It felt like it has been there forever. It’s the love of the sport that drives you, the love of competition. It’s you versus the batter. There is a passion inside you that brings out the very best.
Baseball has always been there for you. It’s not like any other job you ever had. Baseball shows you the love – even on a cold winter day in February. That why when the temperature is barley reaching freezing, you are putting in the work to get better.
Baseball has given you so much – and you just want to give back. You want to be great at the sport – that’s why you are throwing everyday. That’s why as the snow is falling in Western New York, you are putting in the work outside.
Collin Reformat has a passion for the game. The Lancaster High School standout has been in love with the sport ever since he was born.
“Ever since my dad introduced me to the game, I fell in love with it. I’ve always loved being on the mound,” stated Reformat. “The feeling of having control of the game when you are pitching is one of the best feelings. Also, baseball is a game where you need all nine of your guys to be playing together to be successful, and that drew me toward baseball more than anything.”
Ever since that first day on the mound, Reformat has been working toward being successful for whichever team he’s played on. His success in high school and in the summer led him to be recruited by some very good Division I schools.
The recruiting process has been the culmination of all those year in the weight room, throwing extra pitches, working on things that no one else would see. It was the culmination of all the success Reformat had both invidually and with the teams he was on.
“My recruiting process was draining, but also enjoyable. I began to get recruited after having a very successful spring with my high school team,” stated Reformat. “In the fall, I went to a lot of college camps and that was the most draining for me. I would be pitching every weekend to my full potential to try to impress coaches, so that took a lot out of me.”
Pitching is a tough thing to do. You can’t get away with having a bad day like a hitter can. If a hitter has a bad day there is eight other guys that can pick him up and help the team.
If a pitcher has a bad day, the team normally loses. That’s why Reformat works on his game every chance he gets. For pitchers that usually means strength and mechanics. Mechanics is what can make or break a pitcher.
The best pitchers out there are the ones that can repeat their mechanics over and over again.
“Mechanics are the most important part of my game. My best quality on the mound is my mechanics and how smooth my delivery is. Thankfully, I worked with coaches on my mechanics ever since a young age,” explained Reformat. “It’s an aspect of the game that is very important, especially for younger players. Having the right mechanics is crucial for when I am throwing a lot during the season to keep my arm healthy.”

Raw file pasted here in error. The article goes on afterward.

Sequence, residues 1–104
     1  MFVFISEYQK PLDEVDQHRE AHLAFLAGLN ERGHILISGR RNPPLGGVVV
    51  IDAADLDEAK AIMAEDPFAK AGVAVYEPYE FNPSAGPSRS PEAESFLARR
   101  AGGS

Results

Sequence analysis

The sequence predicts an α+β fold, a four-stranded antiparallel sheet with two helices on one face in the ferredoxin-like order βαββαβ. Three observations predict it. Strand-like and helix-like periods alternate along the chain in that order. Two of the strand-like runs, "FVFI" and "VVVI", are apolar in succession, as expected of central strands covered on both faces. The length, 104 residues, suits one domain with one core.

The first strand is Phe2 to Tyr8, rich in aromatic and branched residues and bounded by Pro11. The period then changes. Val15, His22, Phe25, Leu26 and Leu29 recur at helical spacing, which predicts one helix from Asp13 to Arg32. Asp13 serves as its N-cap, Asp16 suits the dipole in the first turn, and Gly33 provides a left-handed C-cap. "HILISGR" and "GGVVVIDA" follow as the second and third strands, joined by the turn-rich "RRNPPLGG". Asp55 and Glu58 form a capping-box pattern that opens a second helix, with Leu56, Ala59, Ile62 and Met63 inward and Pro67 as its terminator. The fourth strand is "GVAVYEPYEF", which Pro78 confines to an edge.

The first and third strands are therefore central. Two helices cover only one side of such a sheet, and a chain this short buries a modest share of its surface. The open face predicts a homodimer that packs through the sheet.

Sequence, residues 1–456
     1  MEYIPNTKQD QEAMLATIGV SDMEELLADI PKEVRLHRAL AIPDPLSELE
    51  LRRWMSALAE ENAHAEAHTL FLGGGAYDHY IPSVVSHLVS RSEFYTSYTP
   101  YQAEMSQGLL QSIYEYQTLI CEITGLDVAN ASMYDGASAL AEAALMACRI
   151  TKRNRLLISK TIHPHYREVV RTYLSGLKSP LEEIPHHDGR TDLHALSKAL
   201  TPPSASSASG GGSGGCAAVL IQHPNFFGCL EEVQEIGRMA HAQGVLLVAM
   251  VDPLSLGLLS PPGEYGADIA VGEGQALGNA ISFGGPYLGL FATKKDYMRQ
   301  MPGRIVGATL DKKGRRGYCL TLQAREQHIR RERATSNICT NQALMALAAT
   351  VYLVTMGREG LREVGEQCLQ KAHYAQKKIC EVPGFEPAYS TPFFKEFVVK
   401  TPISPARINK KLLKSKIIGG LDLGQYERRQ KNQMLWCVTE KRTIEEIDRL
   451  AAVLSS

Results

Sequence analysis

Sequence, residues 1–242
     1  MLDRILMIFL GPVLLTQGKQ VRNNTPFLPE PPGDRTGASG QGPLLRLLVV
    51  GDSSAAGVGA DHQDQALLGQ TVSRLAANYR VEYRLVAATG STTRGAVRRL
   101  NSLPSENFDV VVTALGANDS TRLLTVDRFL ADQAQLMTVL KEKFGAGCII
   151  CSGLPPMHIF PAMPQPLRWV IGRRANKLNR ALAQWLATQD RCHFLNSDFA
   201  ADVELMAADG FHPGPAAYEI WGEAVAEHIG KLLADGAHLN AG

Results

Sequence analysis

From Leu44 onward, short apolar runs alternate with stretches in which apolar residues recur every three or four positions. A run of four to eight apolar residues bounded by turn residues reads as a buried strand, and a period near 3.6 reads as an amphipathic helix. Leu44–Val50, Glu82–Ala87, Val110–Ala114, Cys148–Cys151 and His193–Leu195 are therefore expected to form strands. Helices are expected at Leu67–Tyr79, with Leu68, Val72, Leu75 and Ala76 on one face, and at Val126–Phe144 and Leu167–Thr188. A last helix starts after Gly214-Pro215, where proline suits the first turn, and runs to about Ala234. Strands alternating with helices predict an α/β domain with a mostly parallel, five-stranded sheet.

You also have to be mentally strong – especially playing in a league with aluminum bats. Pitchers need to have a short memory when an opposing player gets ahold of one and hits it 450-feet over the right-center field wall for a game-winning homerun.
Pitchers have to have a short memory. They also can’t be afraid to pitch to their strengths. Reformat loves to try and get hitters thinking out there. A lot of pitchers will just use the same pattern every time. Maybe they will go fastball in, then changeup away.
Reformat likes to in the hitters minds.
“When I’m pitching, my goal is to have the hitter guessing at which pitch is coming his way. I think that is part of the mental aspect of pitching. My catcher and I work to keep the hitters off balanced. A lot of pitching is mental, especially hitting your spots and knowing each situation no matter how crowded the stands are or if radar guns are up behind the backstop,” he explained. “I like to move the ball around the zone. I think my favorite spot has to be the low outside corner in a spot where that the hitter can barely reach. With movement on all of my pitches, I really like to mix up all of my pitches and throw off-speed just as much as my fastball. My game is very fast paced, although many people wouldn’t look at baseball as a fast moving game. Once I get in a groove on the mound, I’ll get right back up there and pitch as soon as the batter is in the box.”
Even with all the work he has put in, Reformat knows he still needs to work even harder when heading into the college.
The University at Buffalo plays in the very competitive MAC. If Reformat wants to be part of the rotation, he needs to work on everything from pitch selection, to pitch placement.
“The biggest thing to work on moving forward would have to be my velocity,” stated Reformat. “I have had success throwing from the left side with movement, but to continue that success at the Division I level, I will need to speed up those pitches as well to compete with the great hitters in our conference.”
One thing he won’t have to get used to is the cold. Pitching in what Western New York calls the spring is pretty difficult. For most of the spring, temps may get into the low 50’s – but nothing like 70s or 80’s.
Pitching in the cold is tough on pitchers as they could have a hard time getting loose and finding the different grips on the pitches.
For Reformat it’s just all part of the game.
“I don’t find it too tough to pitch in the cold, probably because I’ve gotten used to it,” stated Reformat. “For me, the most important thing is staying warm in between innings. When I’m pitching on a cold day, you’ll see me in a couple layers on the bench while I wait to get back out on the mound, because I like to stay warm and loose when I’m pitching.”